IBS and Sleep Troubles

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Why Poor Sleep and Digestive Problems Are Common — and Hazardous

Not surprisingly, tummy troubles and sleep don’t mix very well. Physical discomfort interferes with your ability to relax your body, and the stress that comes along with the pain can send your mind reeling. If you notice the bags under your eyes grow when your irritable bowel syndrome (IBS) flares up, you’re not alone.

The vast majority of those living with IBS patients don’t get the quality sleep they want and need. In turn, they struggle with more severe symptoms, and possibly even chronic health problems. Luckily, there are some ways to improve your sleep and IBS symptoms at the same time. The first step is a better understanding of how the two problems feed off each other, and then you can attack the issue at the source.

The Cycle of Poor Sleep and Painful Symptoms

You can count on feeling lethargic after a sleepless night with IBS pain, but the effects of a poor sleep can reach well beyond the morning.

In fact, one night lost to pain can quickly become a string of sleepless nights — and your days can become progressively more painful. The sleep/pain cycle is predictable, and hard to break:

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1. Pain Prevents a Restful Sleep

This fact probably comes as no surprise. Even if you can manage to get to sleep, abdominal cramps or spasms in your colon can rouse you from your slumber before you hit the deep sleep phase — the most restorative phase, when your muscles repair, your energy is restored, and important hormones are released to stabilize hunger and mood. This phenomenon is known as “sleep fragmentation” and can have all sorts of negative consequences.

2. Less Sleep Equals More Stress

When you don’t get a solid stretch of shut eye, your tissues can’t regenerate, and your body releases more cortisol (a major stress hormone). Too much cortisol is responsible for a host of problematic processes, from weight gain to premature ageing to mood swings.

In fact, sleep quality and emotional health are so intertwined that chronic sleep problems have been found to dramatically raise the risk of depression, anxiety and other mood disorders. With depression and anxiety comes stress, and stress can have a very physical impact on your daily life.

3. Stress Leads to Abdominal Pain

Stress and anxiety don’t necessarily cause IBS, but they can sure make it more difficult to handle. First, anxiety tends to heighten your awareness of your body — especially any negative sensations — which can make you focus on your abdominal issues, like intestinal spasms. Then, there’s the immune issue: stress interferes with your immune system, and a malfunctioning immune system is thought to play an important role in IBS flares.

Sleep deprivation also increases both your perception of pain and your sensitivity to pain, which means any IBS symptoms you’re already experiencing can feel a lot worse after even one sleepless night.

Steps to a Better Sleep

Unfortunately, there’s rarely a quick fix for the sleep/pain problem, but a multi-pronged approach can get to the heart of the physical and emotional barriers that are keeping the terrible cycle going.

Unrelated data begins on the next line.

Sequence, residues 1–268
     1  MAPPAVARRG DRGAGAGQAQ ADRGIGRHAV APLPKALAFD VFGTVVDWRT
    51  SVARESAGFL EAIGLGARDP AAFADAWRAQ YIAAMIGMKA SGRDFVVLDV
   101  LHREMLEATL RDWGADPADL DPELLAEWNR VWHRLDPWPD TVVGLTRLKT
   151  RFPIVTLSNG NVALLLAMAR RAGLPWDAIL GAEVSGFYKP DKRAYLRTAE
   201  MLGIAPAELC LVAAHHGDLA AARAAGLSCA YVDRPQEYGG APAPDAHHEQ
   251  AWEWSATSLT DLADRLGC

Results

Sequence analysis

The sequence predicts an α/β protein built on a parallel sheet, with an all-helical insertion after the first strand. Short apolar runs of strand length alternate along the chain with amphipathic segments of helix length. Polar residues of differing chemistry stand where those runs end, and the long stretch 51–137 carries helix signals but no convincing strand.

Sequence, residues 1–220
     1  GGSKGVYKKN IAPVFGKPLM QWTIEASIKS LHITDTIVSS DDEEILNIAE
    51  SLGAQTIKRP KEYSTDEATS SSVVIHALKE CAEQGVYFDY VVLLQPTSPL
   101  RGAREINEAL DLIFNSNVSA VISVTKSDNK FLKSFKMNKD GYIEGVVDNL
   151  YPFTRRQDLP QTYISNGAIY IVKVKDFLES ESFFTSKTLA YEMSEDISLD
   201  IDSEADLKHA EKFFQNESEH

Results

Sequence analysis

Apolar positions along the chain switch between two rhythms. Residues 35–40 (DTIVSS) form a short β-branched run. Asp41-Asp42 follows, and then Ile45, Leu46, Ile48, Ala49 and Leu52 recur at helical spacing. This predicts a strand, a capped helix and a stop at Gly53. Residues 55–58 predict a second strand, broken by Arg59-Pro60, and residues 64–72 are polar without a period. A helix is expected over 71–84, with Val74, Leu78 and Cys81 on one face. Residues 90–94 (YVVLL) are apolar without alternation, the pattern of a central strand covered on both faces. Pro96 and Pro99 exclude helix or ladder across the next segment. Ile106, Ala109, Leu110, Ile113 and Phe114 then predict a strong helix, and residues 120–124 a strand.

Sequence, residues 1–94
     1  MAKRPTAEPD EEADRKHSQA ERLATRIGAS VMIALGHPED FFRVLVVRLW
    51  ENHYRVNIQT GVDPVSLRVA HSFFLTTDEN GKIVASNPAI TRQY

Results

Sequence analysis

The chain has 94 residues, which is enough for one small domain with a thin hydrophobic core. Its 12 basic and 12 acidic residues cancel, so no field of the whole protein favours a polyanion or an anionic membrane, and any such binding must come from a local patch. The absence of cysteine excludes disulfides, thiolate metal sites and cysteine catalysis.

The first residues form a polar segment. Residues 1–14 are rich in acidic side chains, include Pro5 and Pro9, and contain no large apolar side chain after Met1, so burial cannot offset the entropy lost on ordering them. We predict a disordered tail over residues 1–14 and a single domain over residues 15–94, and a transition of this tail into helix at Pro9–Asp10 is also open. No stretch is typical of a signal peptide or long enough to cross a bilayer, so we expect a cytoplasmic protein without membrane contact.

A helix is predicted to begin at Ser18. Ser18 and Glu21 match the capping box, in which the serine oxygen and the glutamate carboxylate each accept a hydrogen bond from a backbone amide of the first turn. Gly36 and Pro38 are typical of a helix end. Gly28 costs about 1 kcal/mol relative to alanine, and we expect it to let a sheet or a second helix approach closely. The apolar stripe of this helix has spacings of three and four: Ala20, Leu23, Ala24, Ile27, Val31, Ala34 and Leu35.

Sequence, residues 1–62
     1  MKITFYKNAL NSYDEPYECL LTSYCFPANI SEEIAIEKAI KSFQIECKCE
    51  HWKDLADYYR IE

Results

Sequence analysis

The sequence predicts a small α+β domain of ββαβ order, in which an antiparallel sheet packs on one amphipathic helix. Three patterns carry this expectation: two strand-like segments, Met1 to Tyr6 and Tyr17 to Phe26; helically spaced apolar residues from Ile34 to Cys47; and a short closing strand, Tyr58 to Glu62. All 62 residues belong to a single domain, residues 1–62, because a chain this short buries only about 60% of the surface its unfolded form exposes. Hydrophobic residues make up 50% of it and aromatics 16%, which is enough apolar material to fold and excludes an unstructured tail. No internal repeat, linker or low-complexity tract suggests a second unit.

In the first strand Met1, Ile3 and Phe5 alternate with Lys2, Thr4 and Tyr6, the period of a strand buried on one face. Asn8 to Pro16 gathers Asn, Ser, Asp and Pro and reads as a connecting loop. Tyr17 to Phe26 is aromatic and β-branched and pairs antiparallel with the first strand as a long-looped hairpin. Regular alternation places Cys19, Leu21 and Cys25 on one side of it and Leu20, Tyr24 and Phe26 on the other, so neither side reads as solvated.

Learn to Cope With Stress

Stress management is one of the most direct avenues to better sleep and more manageable IBS symptoms. There are all sorts of ways to reduce stress, so it’s important to find a management approach that suits your taste and personality. Exercise is a good place to begin – both cardio and stretching or strengthening activities can be useful.

A therapist can be an extremely helpful ally in your fight against stress. If you’re not able to calm yourself down, or you simply feel like you could use a few new techniques, talk to your doctor about a referral to a CBT therapist, psychologist, or other mental health professional that could offer you some good guidance.

Improve Sleep Hygiene

No matter where your sleep problems stem from, a carefully constructed bedtime routine is the first step to better sleep. There are a few vital elements to include in any sleep hygiene plan:

  • Relaxation. Set aside a half hour before your head hits the pillow to unwind. Use calming visualization exercises, gentle yoga or mediation to slow down your mind and body.
  • Consistency. Go to bed at the same time and wake up at the same time every day. It may be difficult for the first couple of nights of interrupted sleep, but stick with it and your body will adjust.
  • Focus. Be sure to use the bed only for sleep and sex. Don’t drag your work to bed, and don’t keep a television in your bedroom. Try to keep distractions of all sorts away, including the clock: turn your alarm clock away from the bed, so you won’t get stuck on the time if you wake up in the night.

If you can’t get to sleep, it’s often better to get up and do something to relax your brain rather than simply lie there and wait to fall asleep. Exercise might not be the best option — it can wake you up more than tire you out.

Try Melatonin

Recent studies suggest that taking melatonin — a supplement that promotes sleep — can ease pain associated with IBS. One study that followed IBS patients with sleep problems found a two-week course of melatonin dramatically decreased abdominal pain in most patients, although it didn’t do much for bloating, anxiety and bowel motility. If you find that tummy pain is interrupting your sleep, melatonin might be worth a shot.

When chronic insomnia is interfering with your health, and no lifestyle change seems to help, you may want to consider medication. While most sleeping aids are not suitable for long-term relief, some drugs (including certain antidepressants) could help both your sleep problems and IBS symptoms.

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